For some conditions included on expanded carrier screening panels like hemoglobin disorders, the genetic testing method offered by the panel may not be the most sensitive method of carrier detection, leading to the need for additional testing.
Although pre-defined panels are marketed by commercial laboratories, health care providers should carefully evaluate the conditions included on the panel they choose and determine the appropriateness of the panels for their purposes. Customized panels are available through most laboratories.
The availability of expanded carrier screening does not preclude the appropriateness of ethnic-based screening or screening based on family history. These risks need to be evaluated and screening should be offered. Failure to do so increases liability risk for the clinic. Risks based on the family history may require additional, more targeted testing.
Carrier screening will not identify all individuals who are at risk of the screened conditions because not every possible disease-producing mutation or allele is screened and because de novo mutations may arise. Patients should be counseled regarding residual risk with any test result.
Pre-and post- test counseling/informed consent is recommended prior to any genetic testing and should also be offered to intended parents using donors who have been identified as carriers so that the risks can be discussed and appropriate testing can be offered to the other gamete provider. Due to the complexity of genetic testing, positive test results are best followed up with genetic counseling. Documentation of counseling and risk details are important for risk management and good medical practice.
Carrier screening for genetic conditions. Committee Opinion No. 691. American College of Obstetricians and Gynecologists. Obstet Gynecol 2017;129:e41–55.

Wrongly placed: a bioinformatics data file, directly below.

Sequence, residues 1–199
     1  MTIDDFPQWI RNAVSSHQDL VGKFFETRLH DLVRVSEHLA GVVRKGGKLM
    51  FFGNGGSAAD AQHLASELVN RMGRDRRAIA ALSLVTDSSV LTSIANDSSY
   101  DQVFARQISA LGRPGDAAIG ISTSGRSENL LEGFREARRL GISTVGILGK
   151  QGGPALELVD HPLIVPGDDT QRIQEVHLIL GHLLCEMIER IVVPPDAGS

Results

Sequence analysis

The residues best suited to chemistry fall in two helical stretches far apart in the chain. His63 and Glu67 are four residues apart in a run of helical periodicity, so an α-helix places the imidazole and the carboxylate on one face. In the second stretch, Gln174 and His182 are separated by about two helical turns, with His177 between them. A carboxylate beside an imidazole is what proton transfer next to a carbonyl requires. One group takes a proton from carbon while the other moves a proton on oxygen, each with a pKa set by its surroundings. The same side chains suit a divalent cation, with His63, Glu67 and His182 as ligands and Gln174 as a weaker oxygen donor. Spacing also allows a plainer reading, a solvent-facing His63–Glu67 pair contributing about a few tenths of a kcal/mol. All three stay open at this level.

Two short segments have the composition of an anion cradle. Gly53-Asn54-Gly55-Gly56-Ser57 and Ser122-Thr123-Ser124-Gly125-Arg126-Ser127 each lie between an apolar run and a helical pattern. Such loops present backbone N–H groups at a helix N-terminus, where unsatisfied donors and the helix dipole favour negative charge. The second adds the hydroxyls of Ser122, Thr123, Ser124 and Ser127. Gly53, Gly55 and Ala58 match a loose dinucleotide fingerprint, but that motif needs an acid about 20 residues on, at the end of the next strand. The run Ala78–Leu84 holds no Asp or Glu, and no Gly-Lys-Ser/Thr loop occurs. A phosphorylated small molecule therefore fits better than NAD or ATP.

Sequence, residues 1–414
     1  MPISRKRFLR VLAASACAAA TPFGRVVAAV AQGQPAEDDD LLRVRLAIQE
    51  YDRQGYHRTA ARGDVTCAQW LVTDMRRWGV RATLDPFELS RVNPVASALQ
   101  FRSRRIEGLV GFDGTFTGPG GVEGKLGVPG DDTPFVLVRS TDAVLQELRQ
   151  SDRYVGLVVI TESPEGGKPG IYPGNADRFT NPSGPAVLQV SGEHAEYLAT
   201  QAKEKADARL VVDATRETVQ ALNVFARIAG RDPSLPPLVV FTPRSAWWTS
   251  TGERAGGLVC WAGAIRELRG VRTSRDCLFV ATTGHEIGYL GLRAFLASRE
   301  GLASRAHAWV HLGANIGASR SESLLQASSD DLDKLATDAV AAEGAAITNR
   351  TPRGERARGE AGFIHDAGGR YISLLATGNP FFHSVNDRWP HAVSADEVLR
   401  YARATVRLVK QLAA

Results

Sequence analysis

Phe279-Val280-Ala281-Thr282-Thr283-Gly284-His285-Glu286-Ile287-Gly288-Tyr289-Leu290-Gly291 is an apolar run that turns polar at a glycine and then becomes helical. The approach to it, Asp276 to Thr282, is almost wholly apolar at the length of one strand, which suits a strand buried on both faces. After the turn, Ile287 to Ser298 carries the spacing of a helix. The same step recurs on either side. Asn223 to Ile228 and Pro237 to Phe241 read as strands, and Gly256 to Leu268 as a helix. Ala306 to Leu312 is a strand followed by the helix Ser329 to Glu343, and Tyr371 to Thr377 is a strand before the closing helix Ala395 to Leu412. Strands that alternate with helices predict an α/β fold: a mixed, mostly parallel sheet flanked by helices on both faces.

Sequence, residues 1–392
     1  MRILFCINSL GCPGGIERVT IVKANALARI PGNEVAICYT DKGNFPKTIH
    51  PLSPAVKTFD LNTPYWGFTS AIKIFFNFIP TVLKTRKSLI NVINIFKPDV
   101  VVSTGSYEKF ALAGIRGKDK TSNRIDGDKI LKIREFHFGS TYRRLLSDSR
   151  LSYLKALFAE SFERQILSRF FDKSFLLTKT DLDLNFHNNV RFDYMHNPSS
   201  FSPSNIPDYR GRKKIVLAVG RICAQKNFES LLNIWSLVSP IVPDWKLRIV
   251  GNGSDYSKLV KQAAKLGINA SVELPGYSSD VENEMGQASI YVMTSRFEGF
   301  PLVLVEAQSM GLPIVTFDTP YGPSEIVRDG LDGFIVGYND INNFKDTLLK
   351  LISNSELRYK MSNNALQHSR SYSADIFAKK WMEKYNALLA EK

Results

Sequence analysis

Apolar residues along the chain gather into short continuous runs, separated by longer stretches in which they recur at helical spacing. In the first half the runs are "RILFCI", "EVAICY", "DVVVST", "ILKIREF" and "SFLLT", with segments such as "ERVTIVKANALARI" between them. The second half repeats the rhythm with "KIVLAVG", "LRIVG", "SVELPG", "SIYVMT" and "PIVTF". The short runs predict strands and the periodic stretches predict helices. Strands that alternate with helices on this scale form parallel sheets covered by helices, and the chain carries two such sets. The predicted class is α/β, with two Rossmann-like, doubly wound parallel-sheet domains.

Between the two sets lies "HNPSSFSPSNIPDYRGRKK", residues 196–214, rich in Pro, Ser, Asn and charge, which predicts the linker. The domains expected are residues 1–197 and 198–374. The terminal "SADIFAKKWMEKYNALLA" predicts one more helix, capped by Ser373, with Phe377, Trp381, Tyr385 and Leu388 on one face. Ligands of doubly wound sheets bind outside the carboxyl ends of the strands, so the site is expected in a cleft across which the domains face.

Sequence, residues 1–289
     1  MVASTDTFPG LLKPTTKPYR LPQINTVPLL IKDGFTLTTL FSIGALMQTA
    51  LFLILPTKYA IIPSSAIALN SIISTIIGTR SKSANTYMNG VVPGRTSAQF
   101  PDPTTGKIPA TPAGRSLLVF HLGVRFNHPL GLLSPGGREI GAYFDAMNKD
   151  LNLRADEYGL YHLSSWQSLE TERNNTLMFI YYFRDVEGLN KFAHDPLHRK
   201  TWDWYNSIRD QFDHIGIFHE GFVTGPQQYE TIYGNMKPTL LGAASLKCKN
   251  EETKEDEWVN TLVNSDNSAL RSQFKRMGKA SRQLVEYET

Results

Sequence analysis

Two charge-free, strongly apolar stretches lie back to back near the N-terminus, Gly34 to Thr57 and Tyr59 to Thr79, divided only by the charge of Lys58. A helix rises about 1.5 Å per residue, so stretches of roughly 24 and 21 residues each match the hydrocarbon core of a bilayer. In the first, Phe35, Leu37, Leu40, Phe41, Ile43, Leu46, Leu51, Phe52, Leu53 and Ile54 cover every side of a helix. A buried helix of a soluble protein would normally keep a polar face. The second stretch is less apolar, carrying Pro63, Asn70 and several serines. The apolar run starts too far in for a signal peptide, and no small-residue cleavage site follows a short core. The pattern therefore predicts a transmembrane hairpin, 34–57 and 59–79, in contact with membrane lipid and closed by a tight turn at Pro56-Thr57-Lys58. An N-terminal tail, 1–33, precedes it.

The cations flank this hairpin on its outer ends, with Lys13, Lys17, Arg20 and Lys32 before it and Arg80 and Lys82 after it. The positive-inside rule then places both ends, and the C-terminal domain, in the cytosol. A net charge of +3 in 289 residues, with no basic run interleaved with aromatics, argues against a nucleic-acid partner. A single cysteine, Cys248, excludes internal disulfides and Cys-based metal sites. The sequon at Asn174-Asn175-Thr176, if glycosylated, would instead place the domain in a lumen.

Carrier screening in the age of genomic medicine. Committee Opinion No. 690. American College of Obstetricians and Gynecologists. Obstet Gynecol 2017;129:e1-6.
About the Guest Blogger
Ms. Vance is a Board Certified and Licensed Genetic Counselor and founder of Bay Area Genetic Counseling, a consulting practice specializing in genetic risk assessment for gamete donors and fertility patients. She is respected as a leader and innovator among genetic counselors. She has provided genetic counseling since 1991, with clinical experience and significant expertise in prenatal, pediatric, adult, cancer, and reproductive genetics. She has served on the board of the American Society of Reproductive Medicine’s Genetic Counseling Special Interest Group since 2002 and has chaired the National Society of Genetic Counseling ART Group. She is a Clinical Advisor for Good Start Genetics and is the Genetic Counseling Advisor for the Society for Ethics for Egg Donation and Surrogacy (SEEDS). Ms. Vance has authored many published papers and abstracts, as well as 10 entries in the Gail Encyclopedia of Genetic Conditions. She has written newsletter articles and has delivered numerous invited presentations. She has taught in courses for the Genetic Counseling Program at the University of California, Berkeley and has supervised genetic counseling interns from various genetic counseling programs. Her area of interest in research has focused on the importance of family history risk assessment for gamete donors and couples prior to IVF. This research is ongoing and has been presented at several national meetings. Ms. Vance provides expert witness testimony for cases involving genetics, genetic disorders, and birth defects. Ms. Vance earned her B.A. in Zoology from Miami University in Oxford Ohio and her M.S. in Genetic Counseling from the University of Cincinnati.